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Issue Details: First known date: 2017... 2017 [Review Essay] The Fiction of Thea Astley.
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'Australian novelist Thea Astley became known for her inclination to stare down the good fortune (four Miles Franklin awards) of her literary success during her lifetime with a persistent and self-generating narrative of having been neglected as a writer. It was never true then, and certainly not now. In fact, from this vantage point, over a decade after her death in 2004, critical attention paid to this gifted novelist has possibly reached a high point.' (Introduction)

Publication Details of Only Known VersionEarliest 2 Known Versions of

  • Appears in:
    y separately published work icon Journal of the European Association for Studies on Australia vol. 8 no. 1 2017 12828887 2017 periodical issue

    'In her article "Matriduxy?: Tracing Colonial Adumbration in Australian Womanhood via a Psychoanalytical Reading of Christina Stead's The Man Who Loved Children," Theresa Holtby investigates the notion of matriduxy (the alleged dominance of women in Australian families), including its mixed reception by Australian feminist critics, in relation to expressions of imperialist masochistic ideology in fiction, namely in Stead's novel. She argues that there are striking parallels between the role of the dominatrix in Deleuze's theory of masochism and the alleged phenomenon of matriduxy, concluding that the concept of masochism offers a means to reconcile the ostensibly incompatible readings of Australian society through the lens of matriduxy or, on the other hand, misogyny.' (Martina Horakova : Editorial introduction)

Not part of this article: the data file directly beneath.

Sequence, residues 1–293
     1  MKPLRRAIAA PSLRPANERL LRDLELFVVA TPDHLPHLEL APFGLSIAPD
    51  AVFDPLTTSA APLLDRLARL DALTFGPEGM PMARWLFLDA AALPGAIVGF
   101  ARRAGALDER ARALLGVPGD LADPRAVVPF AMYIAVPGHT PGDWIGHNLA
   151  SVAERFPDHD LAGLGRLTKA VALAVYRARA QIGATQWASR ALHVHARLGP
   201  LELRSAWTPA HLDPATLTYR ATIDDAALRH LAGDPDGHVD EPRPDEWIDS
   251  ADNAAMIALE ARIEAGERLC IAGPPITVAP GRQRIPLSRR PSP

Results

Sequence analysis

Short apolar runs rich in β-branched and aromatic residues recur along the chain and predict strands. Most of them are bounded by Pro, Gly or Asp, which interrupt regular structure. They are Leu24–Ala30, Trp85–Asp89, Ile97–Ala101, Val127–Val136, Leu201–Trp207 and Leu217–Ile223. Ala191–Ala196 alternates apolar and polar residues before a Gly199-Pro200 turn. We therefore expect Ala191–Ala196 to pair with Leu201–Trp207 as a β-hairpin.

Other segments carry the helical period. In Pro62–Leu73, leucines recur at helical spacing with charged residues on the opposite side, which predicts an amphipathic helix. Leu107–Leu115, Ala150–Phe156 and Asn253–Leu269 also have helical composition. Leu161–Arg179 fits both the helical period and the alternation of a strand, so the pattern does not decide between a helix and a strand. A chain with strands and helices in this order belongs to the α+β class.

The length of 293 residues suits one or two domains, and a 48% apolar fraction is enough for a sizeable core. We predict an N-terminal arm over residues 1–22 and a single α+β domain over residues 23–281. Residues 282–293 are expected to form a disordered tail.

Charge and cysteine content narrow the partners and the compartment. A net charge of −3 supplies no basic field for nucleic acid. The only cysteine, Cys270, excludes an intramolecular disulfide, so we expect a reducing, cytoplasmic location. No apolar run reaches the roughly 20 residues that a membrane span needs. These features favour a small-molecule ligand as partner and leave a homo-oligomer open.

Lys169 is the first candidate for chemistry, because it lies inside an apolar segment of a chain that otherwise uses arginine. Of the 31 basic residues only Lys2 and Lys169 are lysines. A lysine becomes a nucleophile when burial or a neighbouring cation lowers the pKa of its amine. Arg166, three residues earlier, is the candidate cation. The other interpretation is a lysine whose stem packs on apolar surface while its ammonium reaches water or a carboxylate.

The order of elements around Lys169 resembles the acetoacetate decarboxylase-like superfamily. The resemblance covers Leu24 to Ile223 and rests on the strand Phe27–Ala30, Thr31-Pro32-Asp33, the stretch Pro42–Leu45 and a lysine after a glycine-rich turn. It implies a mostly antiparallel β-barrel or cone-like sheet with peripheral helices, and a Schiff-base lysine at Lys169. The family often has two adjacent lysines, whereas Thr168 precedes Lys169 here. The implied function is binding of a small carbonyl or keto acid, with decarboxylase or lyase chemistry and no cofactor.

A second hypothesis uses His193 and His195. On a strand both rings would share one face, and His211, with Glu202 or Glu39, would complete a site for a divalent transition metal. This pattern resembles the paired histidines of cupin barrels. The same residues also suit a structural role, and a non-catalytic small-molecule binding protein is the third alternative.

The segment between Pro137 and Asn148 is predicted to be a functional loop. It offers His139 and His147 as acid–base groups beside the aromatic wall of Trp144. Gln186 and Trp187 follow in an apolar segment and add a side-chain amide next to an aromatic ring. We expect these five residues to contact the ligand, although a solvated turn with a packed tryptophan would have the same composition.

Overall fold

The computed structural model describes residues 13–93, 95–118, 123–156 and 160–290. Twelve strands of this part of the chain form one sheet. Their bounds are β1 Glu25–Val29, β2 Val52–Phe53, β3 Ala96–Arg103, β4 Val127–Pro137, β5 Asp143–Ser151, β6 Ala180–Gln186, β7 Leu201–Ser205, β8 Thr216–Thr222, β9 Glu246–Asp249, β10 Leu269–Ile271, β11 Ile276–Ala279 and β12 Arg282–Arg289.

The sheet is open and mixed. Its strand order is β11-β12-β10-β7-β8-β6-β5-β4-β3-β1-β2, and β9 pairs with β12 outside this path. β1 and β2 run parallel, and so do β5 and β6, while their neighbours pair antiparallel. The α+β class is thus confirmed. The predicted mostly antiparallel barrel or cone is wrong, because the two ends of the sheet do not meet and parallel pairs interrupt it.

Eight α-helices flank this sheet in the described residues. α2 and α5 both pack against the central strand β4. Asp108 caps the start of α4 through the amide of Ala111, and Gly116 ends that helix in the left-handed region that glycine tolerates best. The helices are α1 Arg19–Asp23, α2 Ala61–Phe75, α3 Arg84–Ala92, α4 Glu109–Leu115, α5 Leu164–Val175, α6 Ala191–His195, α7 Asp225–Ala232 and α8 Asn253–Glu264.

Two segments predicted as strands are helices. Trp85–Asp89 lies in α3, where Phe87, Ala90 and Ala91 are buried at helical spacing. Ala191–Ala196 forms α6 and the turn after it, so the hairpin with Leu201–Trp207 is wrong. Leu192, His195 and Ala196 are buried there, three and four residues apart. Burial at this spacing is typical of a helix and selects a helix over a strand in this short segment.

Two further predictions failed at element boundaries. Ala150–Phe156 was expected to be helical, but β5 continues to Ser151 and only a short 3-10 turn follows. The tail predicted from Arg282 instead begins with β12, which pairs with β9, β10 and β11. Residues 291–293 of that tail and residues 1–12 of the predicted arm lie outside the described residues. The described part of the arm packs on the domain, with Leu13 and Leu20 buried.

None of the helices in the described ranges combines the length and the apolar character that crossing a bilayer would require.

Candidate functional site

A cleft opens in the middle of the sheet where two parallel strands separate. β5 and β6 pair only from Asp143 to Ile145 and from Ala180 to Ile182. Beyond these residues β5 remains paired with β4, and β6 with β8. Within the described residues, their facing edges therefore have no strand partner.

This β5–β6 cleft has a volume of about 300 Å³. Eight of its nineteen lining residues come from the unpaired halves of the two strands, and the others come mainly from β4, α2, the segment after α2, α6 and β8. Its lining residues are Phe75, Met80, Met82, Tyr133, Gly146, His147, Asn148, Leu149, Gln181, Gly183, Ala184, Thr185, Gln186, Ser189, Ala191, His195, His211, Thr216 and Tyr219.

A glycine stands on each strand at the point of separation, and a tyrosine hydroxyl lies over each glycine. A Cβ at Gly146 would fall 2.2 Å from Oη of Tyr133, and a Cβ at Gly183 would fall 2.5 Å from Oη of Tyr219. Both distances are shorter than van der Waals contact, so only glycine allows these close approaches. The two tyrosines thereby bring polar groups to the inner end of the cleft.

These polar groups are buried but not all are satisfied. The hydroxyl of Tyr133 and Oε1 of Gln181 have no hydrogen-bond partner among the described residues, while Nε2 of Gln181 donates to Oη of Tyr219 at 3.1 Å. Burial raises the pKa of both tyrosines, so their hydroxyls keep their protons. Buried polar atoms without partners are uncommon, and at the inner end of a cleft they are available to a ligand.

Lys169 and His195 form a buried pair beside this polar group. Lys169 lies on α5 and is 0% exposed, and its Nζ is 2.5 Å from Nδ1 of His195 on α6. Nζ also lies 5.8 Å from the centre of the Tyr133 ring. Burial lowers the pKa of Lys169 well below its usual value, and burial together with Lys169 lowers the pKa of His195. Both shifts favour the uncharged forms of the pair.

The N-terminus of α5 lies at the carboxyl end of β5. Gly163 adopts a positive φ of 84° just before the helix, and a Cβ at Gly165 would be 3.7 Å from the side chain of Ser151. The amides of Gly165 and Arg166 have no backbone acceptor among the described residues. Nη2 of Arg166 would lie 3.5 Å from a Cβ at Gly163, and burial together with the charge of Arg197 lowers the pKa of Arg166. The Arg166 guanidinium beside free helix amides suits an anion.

2017
    pg. 59-60
Last amended 1 Feb 2018 11:14:22
59-60 [Review Essay] The Fiction of Thea Astley.small AustLit logo Journal of the European Association for Studies on Australia
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